Eurozone retail sales decline in September. Eurozone retail sales declined more-than-expected in September after recovering in August, data published by Eurostat showed on Thursday. Sales dropped by two percent month-on-month in September, worse than expectation of 1.2 percent fall. The volume of retail trade decreased by 2.6 percent month-on-month for non-food products, by 1.4 percent month-on-month for food, drinks and tobacco and by 0.2 percent month-on-month for automotive fuels. On a yearly basis, growth in retail sales halved to 2.2 percent from 4.4 percent in August. Economists had forecast a 2.8 percent rise. The decline in Eurozone retail sales brings them back to the level seen before the pandemic, but things are likely to get much worse before they get better, as new lockdown measures will hit the retail sector heavily, Bert Colijn, an ING economist said.
US Services Index Dips More Than Expected October. The services sector in the US expanded for a fifth consecutive month in October, albeit the pace of growth was slower than in September, suggesting increasing weakness amid rising Covid-19 infection numbers. The ISM Services Report on Business Purchasing Managers’ Index (PMI) for October fell to 56.6 from the September reading of 57.8. Economists expected the services PMI to be at 57.5. Readings above the 50 mark indicate expansion in activity. “There is a degree of uncertainty due to the pandemic, capacity constraints, logistics and the elections,” said Anthony Nieves, chair of the ISM Services Business Survey Committee. In contrast to the services sector, the ISM Manufacturing Report for October released earlier in the week showed US factory output picking up strongly.
BOE increases bond buying programme more than expected. In its monetary policy meeting on Thursday, the Bank of England increased its already huge bond-buying programme by a larger-than-expected 150 billion pounds as it anticipates more economic damage from new coronavirus lockdowns as well as from Brexit. The nine-member Monetary Policy Committee unanimously decided to raise the size of the asset purchase programme to GBP 895 billion from GBP 745 billion. Economists were expecting an expansion of GBP 100 billion. The MPC also voted 9-0 to hold the interest rate at 0.10 percent. At the same time, the central bank expects the economy to shrink by two percent in the final three months of 2020, before bouncing back at the start of 2021, assuming current restrictions loosen.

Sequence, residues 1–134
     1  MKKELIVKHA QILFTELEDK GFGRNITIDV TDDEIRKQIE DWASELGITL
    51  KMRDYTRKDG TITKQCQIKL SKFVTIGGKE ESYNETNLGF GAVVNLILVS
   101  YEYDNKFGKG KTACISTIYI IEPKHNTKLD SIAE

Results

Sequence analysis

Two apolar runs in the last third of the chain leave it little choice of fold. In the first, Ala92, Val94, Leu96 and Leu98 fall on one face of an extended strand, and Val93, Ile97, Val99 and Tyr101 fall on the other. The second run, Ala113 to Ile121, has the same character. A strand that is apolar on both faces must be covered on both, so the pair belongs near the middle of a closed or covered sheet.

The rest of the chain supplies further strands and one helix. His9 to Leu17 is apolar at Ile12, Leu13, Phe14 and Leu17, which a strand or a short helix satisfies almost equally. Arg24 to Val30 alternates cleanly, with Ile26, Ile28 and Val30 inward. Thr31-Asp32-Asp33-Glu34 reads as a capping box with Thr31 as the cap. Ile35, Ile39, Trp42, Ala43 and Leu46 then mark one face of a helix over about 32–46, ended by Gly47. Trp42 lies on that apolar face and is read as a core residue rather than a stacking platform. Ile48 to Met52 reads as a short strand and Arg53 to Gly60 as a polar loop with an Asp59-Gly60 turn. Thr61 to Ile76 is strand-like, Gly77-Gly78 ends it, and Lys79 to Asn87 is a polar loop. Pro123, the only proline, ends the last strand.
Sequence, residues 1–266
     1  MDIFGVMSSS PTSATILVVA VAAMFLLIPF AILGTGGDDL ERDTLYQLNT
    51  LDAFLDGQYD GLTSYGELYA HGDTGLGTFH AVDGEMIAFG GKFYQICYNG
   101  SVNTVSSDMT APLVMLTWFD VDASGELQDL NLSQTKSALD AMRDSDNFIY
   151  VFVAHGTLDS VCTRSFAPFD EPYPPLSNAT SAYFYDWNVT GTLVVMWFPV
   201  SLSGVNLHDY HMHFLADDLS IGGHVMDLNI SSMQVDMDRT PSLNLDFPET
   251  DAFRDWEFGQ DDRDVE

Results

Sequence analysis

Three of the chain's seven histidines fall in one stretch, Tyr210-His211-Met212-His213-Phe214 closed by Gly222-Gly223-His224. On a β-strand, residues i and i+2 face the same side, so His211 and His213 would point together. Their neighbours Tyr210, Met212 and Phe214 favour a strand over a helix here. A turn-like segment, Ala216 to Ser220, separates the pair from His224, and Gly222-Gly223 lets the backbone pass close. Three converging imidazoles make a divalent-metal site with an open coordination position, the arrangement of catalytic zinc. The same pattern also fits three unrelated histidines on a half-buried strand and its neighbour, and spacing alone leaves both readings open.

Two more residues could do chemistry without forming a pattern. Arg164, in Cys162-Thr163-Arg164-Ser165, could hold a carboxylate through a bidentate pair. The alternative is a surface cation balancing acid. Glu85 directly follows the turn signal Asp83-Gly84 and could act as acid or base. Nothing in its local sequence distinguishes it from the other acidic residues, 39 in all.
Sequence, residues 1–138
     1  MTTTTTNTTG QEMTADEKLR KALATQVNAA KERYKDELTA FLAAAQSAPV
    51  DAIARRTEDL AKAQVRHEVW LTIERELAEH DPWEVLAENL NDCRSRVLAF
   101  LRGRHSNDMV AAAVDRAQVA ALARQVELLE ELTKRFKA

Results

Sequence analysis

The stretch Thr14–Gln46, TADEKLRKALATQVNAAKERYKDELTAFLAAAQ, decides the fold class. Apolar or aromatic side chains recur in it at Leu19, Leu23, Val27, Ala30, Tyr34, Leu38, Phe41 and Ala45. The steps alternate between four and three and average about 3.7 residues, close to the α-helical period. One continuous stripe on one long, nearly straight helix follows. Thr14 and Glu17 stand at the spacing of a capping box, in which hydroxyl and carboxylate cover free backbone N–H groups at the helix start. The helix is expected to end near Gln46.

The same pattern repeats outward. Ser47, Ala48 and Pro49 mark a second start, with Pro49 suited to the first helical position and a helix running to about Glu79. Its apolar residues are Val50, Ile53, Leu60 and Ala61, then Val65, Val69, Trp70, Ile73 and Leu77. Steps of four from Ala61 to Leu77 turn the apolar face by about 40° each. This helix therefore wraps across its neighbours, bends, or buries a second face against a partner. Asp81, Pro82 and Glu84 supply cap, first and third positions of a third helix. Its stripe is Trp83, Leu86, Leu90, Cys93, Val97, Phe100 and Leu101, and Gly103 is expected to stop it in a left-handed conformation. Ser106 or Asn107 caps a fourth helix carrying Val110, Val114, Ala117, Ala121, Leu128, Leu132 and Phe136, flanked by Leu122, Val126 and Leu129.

RBA expects economy to recover at faster than expected. The Australian economy is expected to be back to its pre-pandemic level by the end of 2021 but the Reserve Bank is warning of a rocky recovery that will be dominated by unemployment, a shortage of hours for those who want more and flat wages growth. In its quarterly monetary policy statement published on Friday, the bank upgraded most of its forecasts while in effect ruling out negative interest rates to help buoy the economy in coming years. The bank expects the economy to contract by four percent in the year to the end of December before rebounding by five per cent in the 12 months after that. In its August forecast, the RBA had been expecting the economy to shrink by six percent before growing by six per cent to the end of 2021.
Malta industrial production continues to drop. Malta's industrial production continued to decline in September, albeit at a softer pace, figures from the National Statistics Office showed on Thursday. Industrial production fell by a working-day adjusted 3.2 percent year-on-year in September, on the heels of a 3.4 percent decrease in August. Among the main industrial groups, capital goods production decreased by 8.3 percent annually in September. Output of consumer goods and intermediate goods fell by 3.5 percent and 1.3 percent, respectively. Meanwhile, production of energy increased by 1.8 percent. On a month-on-month basis, industrial production fell a seasonally adjusted 1.7 percent in September, after a 1.6 percent drop in the prior month. Output fell for the first time in four months.